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    Spirals carved in millstone grit & cup marks

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    Spirals carved in millstone grit & cup marks

    Post  Guest on Tue Oct 27, 2009 1:12 pm

    Cephalopods are often found fossilised in Pennine milltone grit, many are spiral in form and are more than likely the origin of most of the carved rock spirals, later enhanced by human hand, we see today. Before the mid eighteenth century the origin of fossils was generally regarded in terms of superstition and myth. Many differing accounts across different cultures explained how these fossils came to be and interesting folklore traditions developed regarding these stones. Frequently fossils were ascribed to have magical or medicinal properties.

    Cup marks may owe there origin to river-stones formed in millstone grit when the silts were laid down in tropical deltas millions of years ago.Historical period erosion led to the 'freeing' of these round stones leaving only the 'cup' impression.

    A knowledge of basic geology and ancient folklore may answer many unsolved questions. EG: Some geologists hold to the idea that the Ilkley Moor 'Swastica Stone' is nothing more than the overworked ('hand of man') imprint of a Cephalopod.

    Happy hunting!

    Rockrich

    Join date : 2009-02-02

    Re: Spirals carved in millstone grit & cup marks

    Post  Rockrich on Thu Oct 29, 2009 11:16 am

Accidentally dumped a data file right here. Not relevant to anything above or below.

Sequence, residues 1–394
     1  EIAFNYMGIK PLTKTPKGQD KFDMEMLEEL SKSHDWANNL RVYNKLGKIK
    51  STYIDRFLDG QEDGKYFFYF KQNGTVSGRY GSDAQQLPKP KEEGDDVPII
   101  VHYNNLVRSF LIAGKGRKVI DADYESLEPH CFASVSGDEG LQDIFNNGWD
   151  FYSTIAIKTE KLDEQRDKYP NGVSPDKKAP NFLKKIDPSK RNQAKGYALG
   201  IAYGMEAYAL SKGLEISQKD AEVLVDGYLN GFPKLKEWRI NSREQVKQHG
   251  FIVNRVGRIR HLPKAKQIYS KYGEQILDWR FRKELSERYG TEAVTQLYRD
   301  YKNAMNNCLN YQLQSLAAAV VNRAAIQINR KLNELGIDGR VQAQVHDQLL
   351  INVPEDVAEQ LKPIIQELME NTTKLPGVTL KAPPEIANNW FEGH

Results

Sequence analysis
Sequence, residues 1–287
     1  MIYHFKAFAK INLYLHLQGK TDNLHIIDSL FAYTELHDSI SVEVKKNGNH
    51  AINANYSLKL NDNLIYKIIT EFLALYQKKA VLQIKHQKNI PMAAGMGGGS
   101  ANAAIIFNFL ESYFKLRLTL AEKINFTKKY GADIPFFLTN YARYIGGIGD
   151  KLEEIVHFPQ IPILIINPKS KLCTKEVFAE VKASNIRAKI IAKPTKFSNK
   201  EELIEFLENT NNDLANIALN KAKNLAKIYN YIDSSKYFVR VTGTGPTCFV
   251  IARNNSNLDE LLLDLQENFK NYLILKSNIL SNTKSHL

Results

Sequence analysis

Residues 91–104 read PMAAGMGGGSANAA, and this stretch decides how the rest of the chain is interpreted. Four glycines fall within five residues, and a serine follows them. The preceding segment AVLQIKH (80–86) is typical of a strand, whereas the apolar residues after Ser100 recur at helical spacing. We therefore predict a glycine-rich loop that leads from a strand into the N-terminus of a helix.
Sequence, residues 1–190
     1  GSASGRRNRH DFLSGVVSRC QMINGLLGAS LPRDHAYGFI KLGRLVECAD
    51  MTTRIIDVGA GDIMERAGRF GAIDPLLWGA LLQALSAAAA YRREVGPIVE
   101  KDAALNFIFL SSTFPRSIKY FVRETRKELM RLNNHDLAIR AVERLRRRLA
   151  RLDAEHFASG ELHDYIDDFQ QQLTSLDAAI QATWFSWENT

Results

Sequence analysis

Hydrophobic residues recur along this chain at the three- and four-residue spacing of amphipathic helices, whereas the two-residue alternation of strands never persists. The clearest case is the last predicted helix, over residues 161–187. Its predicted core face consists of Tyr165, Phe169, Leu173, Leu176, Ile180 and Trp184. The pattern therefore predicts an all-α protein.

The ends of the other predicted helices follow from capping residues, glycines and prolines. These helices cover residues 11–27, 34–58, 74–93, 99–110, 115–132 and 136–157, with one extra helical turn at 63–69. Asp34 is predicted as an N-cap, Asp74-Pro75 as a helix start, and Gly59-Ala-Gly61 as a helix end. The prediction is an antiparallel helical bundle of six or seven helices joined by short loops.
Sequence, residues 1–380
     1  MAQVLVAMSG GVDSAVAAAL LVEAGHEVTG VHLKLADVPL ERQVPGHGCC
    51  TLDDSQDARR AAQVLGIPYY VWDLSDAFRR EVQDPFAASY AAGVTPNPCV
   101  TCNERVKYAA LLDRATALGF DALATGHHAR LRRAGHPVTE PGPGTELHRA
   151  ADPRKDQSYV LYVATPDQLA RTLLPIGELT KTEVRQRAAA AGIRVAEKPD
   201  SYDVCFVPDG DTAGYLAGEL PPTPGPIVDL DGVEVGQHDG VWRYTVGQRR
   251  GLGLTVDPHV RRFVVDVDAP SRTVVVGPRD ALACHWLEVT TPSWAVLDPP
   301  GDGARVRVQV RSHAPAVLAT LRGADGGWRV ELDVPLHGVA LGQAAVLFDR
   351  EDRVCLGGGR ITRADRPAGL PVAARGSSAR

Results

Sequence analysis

lowergate wrote:Cephalopods are often found fossilised in Pennine milltone grit, many are spiral in form and are more than likely the origin of most of the carved rock spirals, later enhanced by human hand, we see today. Before the mid eighteenth century the origin of fossils was generally regarded in terms of superstition and myth. Many differing accounts across different cultures explained how these fossils came to be and interesting folklore traditions developed regarding these stones. Frequently fossils were ascribed to have magical or medicinal properties.

    Hello Lowergate, are there any spirals carved on Millstone Grit? Other than Barningham Moor, which is a very loose spiral, I'm struggling to think of any.

    [/quote]
    Cup marks may owe there origin to river-stones formed in millstone grit when the silts were laid down in tropical deltas millions of years ago.Historical period erosion led to the 'freeing' of these round stones leaving only the 'cup' impression.
    [/quote]

    I'm sure this will be the case for some marked rocks in the archaeological record, but not every one is naturally formed. On sandstone, natural bowls can also occur through a mixture of calcite / silica weakness in friable areas; rain, separated grains and wind then take over. Thats not to mention eddying stones grinding under melting glaciers.


    Rich

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    Re: Spirals carved in millstone grit & cup marks

    Post  Guest on Fri Oct 30, 2009 3:41 pm

    Very well put R. A visit to Cliff Castle Museum, Keighley and Skipton Museum may prove enlightening.


    Last edited by lowergate on Sat Oct 31, 2009 5:22 am; edited 1 time in total (Reason for editing : wrong site)